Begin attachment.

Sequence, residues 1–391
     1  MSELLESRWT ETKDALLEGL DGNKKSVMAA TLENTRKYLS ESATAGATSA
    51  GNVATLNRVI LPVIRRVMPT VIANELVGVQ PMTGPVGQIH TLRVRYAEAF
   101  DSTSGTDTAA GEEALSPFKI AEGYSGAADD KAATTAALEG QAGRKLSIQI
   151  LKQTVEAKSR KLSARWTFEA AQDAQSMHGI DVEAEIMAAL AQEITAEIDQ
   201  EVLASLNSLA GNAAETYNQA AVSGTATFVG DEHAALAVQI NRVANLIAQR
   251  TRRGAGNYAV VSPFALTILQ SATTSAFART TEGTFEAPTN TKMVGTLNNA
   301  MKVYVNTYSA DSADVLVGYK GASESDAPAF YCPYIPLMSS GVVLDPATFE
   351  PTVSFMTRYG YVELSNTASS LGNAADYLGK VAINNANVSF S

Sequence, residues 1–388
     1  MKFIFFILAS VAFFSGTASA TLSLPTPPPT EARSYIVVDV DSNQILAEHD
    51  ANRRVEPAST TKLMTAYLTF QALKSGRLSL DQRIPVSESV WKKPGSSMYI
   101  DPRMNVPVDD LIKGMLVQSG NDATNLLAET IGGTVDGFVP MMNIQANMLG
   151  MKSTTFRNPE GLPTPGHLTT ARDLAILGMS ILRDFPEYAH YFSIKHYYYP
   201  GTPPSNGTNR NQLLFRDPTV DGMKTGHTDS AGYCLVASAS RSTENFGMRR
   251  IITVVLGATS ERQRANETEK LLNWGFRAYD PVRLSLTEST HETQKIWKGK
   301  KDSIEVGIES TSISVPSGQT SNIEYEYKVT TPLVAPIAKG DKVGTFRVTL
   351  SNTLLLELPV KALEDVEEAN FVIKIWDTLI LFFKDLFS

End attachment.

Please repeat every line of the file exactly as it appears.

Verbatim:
Sequence, residues 1–391
     1  MSELLESRWT ETKDALLEGL DGNKKSVMAA TLENTRKYLS ESATAGATSA
    51  GNVATLNRVI LPVIRRVMPT VIANELVGVQ PMTGPVGQIH TLRVRYAEAF
   101  DSTSGTDTAA GEEALSPFKI AEGYSGAADD KAATTAALEG QAGRKLSIQI
   151  LKQTVEAKSR KLSARWTFEA AQDAQSMHGI DVEAEIMAAL AQEITAEIDQ
   201  EVLASLNSLA GNAAETYNQA AVSGTATFVG DEHAALAVQI NRVANLIAQR
   251  TRRGAGNYAV VSPFALTILQ SATTSAFART TEGTFEAPTN TKMVGTLNNA
   301  MKVYVNTYSA DSADVLVGYK GASESDAPAF YCPYIPLMSS GVVLDPATFE
   351  PTVSFMTRYG YVELSNTASS LGNAADYLGK VAINNANVSF S

Sequence, residues 1–388
     1  MKFIFFILAS VAFFSGTASA TLSLPTPPPT EARSYIVVDV DSNQILAEHD
    51  ANRRVEPAST TKLMTAYLTF QALKSGRLSL DQRIPVSESV WKKPGSSMYI
   101  DPRMNVPVDD LIKGMLVQSG NDATNLLAET IGGTVDGFVP MMNIQANMLG
   151  MKSTTFRNPE GLPTPGHLTT ARDLAILGMS ILRDFPEYAH YFSIKHYYYP
   201  GTPPSNGTNR NQLLFRDPTV DGMKTGHTDS AGYCLVASAS RSTENFGMRR
   251  IITVVLGATS ERQRANETEK LLNWGFRAYD PVRLSLTEST HETQKIWKGK
   301  KDSIEVGIES TSISVPSGQT SNIEYEYKVT TPLVAPIAKG DKVGTFRVTL
   351  SNTLLLELPV KALEDVEEAN FVIKIWDTLI LFFKDLFS